219 F2d 917 Elk Horn Coal Corporation v. United States
219 F.2d 917
The ELK HORN COAL CORPORATION et al., Appellants,
UNITED STATES of America, Appellee.
United States Court of Appeals, Sixth Circuit.
Feb. 15, 1955.
J. W. Howard, Prestonsburg, Ky., J. Henry Francis, Jr., Charleston, W. Va., for appellants.
Perry W. Morton, Roger P. Marquis, John C. Harrington and Reginald W. Barnes, Washington, D.C., Edwin R. Denney, Kit C. Elswick, Lexington, Ky., for appellee.
Before SIMONS, Chief Judge, and ALLEN and MARTIN, Circuit Judges.
This condemnation action brought by the United States involves on this appeal only the mineral rights in 327.39 acres of land in a mountain section of Kentucky, together with the severance value of mineral interests in remaining lands owned by the appellants, and does not involve the surface value of the lands.
Upon the conclusion of all the evidence offered by both the government and the appellants, the district court awarded $15 per acre as the fair market value of the mineral interests taken and denied all claims for severance damages to the mineral interests owned by appellants in the remainder of the tracts not taken.
Upon analysis, we think that only fact issues were presented for decision in the district court, and here. The district judge rendered a comprehensive oral opinion, the transcript of which was ordered to constitute his findings of fact and conclusions of law. The court stressed the fact that the C. & O.R.R. Company, in 1944, after making an investigation of the potential value of the coal lands, apparently abandoned forever any idea of running a railroad up there, at a cost of several million dollars, to haul out the coal in controversy. Directing attention to the fact that the government's proof has shown the mineral rights taken to be worth $10 an acre, or less, the judge stated that the appellants had wholly failed to establish the value of the coal on a fair market basis as higher than $15 per acre. He asserted that sales of other property in the vicinity and the potential value of the mineral rights had been taken into consideration in reaching his conclusion.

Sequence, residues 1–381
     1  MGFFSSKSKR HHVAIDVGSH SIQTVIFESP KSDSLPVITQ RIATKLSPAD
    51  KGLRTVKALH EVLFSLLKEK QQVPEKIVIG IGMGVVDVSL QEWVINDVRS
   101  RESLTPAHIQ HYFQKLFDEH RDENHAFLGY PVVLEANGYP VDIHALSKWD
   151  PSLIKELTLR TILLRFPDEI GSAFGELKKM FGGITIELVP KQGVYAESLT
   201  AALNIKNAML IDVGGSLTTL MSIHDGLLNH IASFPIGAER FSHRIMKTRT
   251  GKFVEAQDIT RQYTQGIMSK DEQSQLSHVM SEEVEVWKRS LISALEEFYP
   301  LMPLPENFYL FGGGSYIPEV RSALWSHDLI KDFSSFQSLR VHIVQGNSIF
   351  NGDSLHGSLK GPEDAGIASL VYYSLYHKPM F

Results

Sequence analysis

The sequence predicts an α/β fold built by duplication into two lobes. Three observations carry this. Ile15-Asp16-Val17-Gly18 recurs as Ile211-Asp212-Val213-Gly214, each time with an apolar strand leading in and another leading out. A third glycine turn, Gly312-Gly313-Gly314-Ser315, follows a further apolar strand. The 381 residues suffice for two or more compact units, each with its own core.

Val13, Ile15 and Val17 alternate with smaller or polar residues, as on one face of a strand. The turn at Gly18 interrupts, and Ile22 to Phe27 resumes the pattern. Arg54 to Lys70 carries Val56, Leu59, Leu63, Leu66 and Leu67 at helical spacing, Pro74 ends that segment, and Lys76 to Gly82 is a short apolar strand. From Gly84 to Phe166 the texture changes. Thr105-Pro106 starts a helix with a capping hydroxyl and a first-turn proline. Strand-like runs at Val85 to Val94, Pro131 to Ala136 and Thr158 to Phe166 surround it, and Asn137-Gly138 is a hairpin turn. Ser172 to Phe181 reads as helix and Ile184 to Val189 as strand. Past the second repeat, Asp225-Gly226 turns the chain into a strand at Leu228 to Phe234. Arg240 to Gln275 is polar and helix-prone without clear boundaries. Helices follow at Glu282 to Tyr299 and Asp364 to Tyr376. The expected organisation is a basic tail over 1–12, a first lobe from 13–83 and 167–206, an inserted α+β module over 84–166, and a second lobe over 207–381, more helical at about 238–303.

Applying the same principles upon which its valuation of the mineral rights of the land mentioned had been reached, the court held that the coal underlying the severed lands had not been proven to be of sufficient consequence to cause a railroad to be built to get the coal out, and that the lands could not be mined economically by the use of trucks so as to give the minerals extracted from the severed lands any commercial value. Therefore, no severance damages were allowed.
Considering the evidence in the case as a whole, we are unable to conclude that the findings of the district court, which are supported by some substantial evidence, were clearly erroneous as to the value of the mineral rights taken and the lack of any value in the severed mineral rights. Accordingly, its judgment is affirmed; and it is so ordered.